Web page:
More in my article in today's Inquirer here. Yesterday: The Pennsylvania State Employees' Retirement System board voted today to choose what it called an "independent" review firm to "provide a comprehensive and timely assessment of and advice about how to proceed with regard to allegations" against Chief Investment Officer Anthony Clark, who has elected to retire at the end of the year, after the SERS board locked him out of his office last week due to allegations against him which the board has declined to describe in detail.
The board also agreed to "an independent and exhaustive review of SERS' due diligence process within the investment program." But members voted 7-4 against a proposal by State Treasurer Rob McCord that would have stalled the pension system from continuing to hire new money managers until a detailed review is complete. (McCord's motion did not also call for a delay in replacing Clark, as an earlier version of this item wrongly stated.)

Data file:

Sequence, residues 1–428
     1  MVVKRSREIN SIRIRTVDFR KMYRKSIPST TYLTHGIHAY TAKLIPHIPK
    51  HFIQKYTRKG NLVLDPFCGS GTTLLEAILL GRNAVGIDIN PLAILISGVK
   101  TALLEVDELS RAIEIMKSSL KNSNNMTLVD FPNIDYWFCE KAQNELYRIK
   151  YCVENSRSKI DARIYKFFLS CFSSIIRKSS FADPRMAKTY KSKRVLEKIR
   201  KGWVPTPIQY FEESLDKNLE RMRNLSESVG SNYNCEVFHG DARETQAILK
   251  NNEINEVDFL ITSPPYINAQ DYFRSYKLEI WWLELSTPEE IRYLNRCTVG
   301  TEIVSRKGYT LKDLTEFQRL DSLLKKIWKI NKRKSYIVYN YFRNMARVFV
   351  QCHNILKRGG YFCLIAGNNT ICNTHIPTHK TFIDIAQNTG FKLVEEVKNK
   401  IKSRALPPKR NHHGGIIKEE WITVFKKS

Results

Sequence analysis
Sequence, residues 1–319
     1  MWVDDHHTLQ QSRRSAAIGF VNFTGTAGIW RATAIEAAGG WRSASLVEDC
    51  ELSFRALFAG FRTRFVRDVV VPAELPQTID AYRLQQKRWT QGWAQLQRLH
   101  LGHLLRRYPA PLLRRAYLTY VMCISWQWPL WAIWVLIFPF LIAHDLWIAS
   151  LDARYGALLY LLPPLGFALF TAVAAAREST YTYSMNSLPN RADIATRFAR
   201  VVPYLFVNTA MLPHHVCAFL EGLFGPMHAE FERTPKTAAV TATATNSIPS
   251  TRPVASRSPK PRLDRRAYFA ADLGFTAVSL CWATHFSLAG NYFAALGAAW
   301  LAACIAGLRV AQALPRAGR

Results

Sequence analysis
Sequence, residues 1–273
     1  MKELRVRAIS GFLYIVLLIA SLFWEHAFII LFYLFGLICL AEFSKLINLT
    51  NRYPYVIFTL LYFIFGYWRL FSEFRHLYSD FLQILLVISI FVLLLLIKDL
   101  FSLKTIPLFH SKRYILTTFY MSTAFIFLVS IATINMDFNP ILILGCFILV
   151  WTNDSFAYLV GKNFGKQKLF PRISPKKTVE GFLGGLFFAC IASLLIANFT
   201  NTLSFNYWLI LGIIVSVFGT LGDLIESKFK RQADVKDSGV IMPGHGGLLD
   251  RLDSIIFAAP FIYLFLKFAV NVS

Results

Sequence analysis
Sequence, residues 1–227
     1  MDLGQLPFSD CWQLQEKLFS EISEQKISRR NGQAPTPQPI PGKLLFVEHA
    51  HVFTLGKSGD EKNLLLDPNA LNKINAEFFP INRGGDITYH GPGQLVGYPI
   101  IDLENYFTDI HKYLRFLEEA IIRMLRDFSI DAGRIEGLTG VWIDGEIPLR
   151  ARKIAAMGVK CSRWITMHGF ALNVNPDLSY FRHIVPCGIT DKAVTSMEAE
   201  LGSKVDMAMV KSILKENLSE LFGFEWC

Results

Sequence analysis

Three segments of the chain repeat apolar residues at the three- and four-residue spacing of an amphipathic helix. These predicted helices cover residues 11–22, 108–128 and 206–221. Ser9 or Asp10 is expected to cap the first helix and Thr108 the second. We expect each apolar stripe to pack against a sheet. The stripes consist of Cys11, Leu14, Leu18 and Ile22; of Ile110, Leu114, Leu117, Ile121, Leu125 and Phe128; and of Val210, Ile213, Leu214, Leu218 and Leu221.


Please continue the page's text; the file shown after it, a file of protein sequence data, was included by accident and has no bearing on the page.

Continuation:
Voting for the stricter proposal from McCord, a Democrat who wants to run against Corbett in next year's gubernatorial election, were State Sen. Vincent Hughes, D-Phila., State Rep. Dan Frankel, D-Allegheney, and David Fillman, executive director of AFSCME District Council 13, a government workers' union. McCord has written a letter to longtime SERS Chairman Nicholas Maiale protesting what McCord says is a failure by lawyers for SERS and the Corbett administration to disclose the allegations against Clark when they surfaced in October (updated).
In a letter to Maiale, McCord wrote that the board should have been notified of the allegations against Clark immediately, and that the delay means the process by which Clark continued to hire and pay private managers for portions of the state's $25 billion pension investment portfolio have now been tainted by possible conflicts of interest, and need a thorough revamping before the state resumes hiring private firms. Chairman Maiale, a former Democratic state representative from Philadelphia, has rejected McCord's arguments and, with the rest of the board, including appointees and allies of Gov. Corbett, voted to replace Clark and keep hiring new managers.